Asylum & Withholding of Removal
San Diego Asylum Lawyer
How Asylum Can Prevent Deportation
Immigrants can seek asylum when they are afraid to return to their own country because of past persecution or if they demonstrate a well-founded fear of future persecution. An individual can ask for asylum at the point of entry to the United States or anywhere within the United States, but they must request it within the first year of entering the U.S. A person on asylum can apply to become a permanent resident after one year of being on asylum status and then apply for U.S. citizenship four years later.
To be eligible and receive asylum the person will need to show that the persecution they suffered in the past or will most likely suffer in the future is based on one or more of the five grounds shown below:
- Nationality or ethnicity
- Membership in a particular social group
- Political opinion
The Asylum Application Process
There are two application processes available for the asylum applicant.
- If the applicant is not in removal proceedings, they will file what is referred to as an Affirmative Asylum application with the appropriate USCIS office.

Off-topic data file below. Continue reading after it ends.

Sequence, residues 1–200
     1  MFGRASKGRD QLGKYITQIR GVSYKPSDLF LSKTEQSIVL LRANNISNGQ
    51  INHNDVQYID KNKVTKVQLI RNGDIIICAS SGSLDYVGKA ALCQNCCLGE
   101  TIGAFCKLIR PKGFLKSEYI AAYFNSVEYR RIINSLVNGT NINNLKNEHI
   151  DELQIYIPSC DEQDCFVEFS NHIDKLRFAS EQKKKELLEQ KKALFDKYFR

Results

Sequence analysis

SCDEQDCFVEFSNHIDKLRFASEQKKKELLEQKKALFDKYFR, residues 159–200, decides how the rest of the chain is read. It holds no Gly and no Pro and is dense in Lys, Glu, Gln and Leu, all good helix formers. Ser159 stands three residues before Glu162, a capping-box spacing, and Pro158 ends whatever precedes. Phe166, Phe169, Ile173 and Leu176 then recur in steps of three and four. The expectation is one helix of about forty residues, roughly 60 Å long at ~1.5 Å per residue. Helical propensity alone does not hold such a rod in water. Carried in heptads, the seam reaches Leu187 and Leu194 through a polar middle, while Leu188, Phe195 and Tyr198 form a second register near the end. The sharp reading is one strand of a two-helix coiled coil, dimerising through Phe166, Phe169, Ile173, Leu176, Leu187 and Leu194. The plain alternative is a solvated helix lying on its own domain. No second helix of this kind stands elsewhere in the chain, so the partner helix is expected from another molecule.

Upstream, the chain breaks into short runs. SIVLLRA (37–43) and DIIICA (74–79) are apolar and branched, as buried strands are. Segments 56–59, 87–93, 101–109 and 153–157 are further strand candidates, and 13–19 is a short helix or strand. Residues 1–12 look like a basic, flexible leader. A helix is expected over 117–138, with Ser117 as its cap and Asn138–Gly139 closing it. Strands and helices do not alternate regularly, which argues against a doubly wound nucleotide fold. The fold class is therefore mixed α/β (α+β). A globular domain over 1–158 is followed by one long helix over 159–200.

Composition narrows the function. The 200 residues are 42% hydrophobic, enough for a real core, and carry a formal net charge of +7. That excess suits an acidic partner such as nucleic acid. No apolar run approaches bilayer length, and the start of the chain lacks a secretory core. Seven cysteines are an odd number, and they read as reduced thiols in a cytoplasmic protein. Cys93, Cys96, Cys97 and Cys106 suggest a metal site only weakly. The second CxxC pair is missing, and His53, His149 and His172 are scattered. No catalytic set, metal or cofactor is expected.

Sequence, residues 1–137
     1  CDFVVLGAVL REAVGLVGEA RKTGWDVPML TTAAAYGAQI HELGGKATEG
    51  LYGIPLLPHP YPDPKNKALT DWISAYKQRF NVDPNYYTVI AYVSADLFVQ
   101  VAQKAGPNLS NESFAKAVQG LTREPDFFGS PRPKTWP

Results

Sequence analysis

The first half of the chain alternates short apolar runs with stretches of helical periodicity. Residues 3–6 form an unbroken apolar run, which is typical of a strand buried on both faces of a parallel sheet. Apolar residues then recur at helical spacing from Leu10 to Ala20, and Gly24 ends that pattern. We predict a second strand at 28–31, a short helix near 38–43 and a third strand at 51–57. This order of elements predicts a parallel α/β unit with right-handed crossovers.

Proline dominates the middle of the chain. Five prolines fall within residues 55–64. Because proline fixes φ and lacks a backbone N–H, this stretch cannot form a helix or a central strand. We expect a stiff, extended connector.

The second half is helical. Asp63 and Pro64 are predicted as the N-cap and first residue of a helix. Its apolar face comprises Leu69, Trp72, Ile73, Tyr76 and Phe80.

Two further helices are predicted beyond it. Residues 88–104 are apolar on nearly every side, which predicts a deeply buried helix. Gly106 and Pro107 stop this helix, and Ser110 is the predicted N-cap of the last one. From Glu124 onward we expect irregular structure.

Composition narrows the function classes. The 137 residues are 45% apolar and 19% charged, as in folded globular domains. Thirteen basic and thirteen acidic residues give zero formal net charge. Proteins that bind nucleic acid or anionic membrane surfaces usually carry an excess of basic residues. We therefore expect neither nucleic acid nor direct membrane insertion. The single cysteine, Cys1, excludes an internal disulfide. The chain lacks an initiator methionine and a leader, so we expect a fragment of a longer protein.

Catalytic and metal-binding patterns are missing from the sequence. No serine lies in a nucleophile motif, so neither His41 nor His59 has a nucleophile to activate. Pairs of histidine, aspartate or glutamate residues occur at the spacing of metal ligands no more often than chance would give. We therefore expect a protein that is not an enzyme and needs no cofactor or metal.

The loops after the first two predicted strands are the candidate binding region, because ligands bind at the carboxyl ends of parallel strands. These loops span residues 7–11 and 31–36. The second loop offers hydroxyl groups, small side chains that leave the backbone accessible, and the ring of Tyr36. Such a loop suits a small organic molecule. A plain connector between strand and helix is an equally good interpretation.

- If the person is in removal proceedings and asks for asylum relief, they will file what is referred to as a Defensive Asylum application.
Whichever process is taken, the person will need to file the I-589 application and supporting documentation. The applicant can include their spouse and children under 21 years of age on their application, called derivatives.
Under the Child Status Protection Act, your child will remain eligible for asylum, as a derivative family member, even if they turned 21. Your child must have been unmarried and under 21 years of age on the date that you filed your I-589 application. The “filing date” is the date your application was received by USCIS or filed with the court.
When am I Not Eligible for Asylum?
A person is not eligible for asylum if any of the following circumstances apply:
- The asylum applicant ordered, assisted, incited, or participated in the persecution of another on account of their race, religion, nationality, membership in a particular social group, or political opinion
- They were convicted for an aggravated felony
- Reasons exist to believe that the applicant committed a serious nonpolitical crime outside the U.S.
- The applicant may be a threat to national security
- The applicant was firmly resettled in another country prior to arriving in the U.S.
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